Instead of getting stuck thinking that automation only replaces humans, we should start thinking about the ways automation works alongside humans, says Weil. Somebody has to fabricate and maintain all that complicated equipment used in the automated production, for example, of your favorite snack crackers or chocolate bars. In the food-production process, machines, including conveyor belts, grinders, homogenizers and slicers, require sophisticated design and fabrication. The marketing research firm Freedonia Group predicted global sales of automated food-processing machinery would reach $53 billion in 2016.

“I talk to manufacturers in this area all the time and I visit facilities. Some of the occupations that companies tell me they have a hard time filling include machining, CNC operations and programming, but also industrial maintenance people who can maintain and troubleshoot complicated machinery,” says Weil.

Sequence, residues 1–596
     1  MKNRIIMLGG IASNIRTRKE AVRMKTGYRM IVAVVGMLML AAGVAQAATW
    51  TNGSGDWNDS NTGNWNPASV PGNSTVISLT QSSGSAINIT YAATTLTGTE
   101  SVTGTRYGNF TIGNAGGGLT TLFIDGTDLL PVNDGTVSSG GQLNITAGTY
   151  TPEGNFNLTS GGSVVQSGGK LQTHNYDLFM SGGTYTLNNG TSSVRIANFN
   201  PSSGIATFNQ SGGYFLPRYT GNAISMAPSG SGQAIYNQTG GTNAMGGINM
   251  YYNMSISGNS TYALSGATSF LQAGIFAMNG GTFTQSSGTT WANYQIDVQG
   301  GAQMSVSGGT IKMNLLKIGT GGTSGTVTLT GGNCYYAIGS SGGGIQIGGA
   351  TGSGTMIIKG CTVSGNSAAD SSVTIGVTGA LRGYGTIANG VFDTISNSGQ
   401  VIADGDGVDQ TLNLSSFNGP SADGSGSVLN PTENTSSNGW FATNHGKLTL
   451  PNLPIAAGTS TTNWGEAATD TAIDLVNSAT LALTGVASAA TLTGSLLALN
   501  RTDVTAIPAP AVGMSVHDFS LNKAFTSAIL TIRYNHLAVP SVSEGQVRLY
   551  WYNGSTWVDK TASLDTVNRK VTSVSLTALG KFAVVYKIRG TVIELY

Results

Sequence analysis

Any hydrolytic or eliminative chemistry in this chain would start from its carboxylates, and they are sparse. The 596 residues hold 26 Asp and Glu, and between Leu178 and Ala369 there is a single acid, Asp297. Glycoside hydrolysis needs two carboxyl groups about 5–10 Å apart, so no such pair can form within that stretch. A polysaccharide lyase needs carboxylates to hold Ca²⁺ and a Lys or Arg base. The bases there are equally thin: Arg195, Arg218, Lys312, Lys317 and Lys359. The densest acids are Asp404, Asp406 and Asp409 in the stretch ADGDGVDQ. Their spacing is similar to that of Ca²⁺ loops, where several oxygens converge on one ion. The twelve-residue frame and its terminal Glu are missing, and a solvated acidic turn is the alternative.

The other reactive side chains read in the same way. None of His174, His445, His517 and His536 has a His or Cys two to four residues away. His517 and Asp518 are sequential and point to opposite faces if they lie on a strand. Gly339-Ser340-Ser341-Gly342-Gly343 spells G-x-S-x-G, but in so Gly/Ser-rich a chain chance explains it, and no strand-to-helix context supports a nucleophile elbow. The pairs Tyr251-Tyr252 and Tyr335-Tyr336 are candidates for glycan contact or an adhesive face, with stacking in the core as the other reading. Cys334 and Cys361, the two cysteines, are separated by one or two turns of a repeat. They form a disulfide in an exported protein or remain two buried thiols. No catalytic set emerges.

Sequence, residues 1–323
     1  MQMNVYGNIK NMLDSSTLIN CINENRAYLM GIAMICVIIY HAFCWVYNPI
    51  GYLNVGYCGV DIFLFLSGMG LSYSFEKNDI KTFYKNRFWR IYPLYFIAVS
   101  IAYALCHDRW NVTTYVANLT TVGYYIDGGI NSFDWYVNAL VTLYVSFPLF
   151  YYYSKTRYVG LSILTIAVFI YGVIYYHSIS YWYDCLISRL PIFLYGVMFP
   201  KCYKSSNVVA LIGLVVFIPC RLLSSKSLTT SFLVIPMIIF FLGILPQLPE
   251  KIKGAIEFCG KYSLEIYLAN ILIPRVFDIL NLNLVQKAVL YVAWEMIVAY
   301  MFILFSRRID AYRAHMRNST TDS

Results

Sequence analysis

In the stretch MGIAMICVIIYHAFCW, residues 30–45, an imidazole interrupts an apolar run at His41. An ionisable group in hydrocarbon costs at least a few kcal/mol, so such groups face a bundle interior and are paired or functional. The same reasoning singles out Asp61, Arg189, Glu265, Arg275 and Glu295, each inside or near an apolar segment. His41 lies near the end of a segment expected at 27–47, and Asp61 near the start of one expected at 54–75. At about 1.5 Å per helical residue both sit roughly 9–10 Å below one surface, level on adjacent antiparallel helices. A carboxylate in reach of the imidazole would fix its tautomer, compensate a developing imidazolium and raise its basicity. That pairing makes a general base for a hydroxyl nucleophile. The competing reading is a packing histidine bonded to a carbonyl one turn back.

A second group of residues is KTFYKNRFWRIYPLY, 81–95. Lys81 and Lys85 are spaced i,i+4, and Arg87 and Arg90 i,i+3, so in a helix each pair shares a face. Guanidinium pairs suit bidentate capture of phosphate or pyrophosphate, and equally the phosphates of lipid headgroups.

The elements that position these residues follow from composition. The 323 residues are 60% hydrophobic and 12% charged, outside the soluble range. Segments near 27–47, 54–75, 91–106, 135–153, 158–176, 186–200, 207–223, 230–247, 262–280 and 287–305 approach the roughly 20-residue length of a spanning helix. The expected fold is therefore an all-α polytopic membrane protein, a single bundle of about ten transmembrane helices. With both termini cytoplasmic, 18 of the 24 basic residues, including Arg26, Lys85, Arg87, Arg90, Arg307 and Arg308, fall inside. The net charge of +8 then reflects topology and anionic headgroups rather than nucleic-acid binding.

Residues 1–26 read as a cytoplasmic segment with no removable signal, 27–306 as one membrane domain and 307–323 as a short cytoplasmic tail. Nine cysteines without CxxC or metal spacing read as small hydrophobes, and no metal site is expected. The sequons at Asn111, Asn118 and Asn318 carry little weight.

According to data collected by the Arizona Advanced Manufacturing Institute, metalworkers in the U.S. earned a respectable $18 to $25 an hour in 2015. For certain skills, such as those of CNC programmers and operators of computer-controlled machine tools, wages are expected to grow by nearly 18 percent by 2024.

“For people with some intuitive mechanical savvy and willingness to learn and adapt, metalworking offers something solid,” says Palmer. “You earn a good hourly income and there are many opportunities for growth.”

Key Takeaways

  • Remain flexible and open to furthering your knowledge to keep up with demands of the industry.

  • Learn how smaller yet faster cars can lead to better job opportunities for metalworkers.

  • Grasp the link between green energy and metalworking.

Are you encouraged by the future opportunities available in metalworking?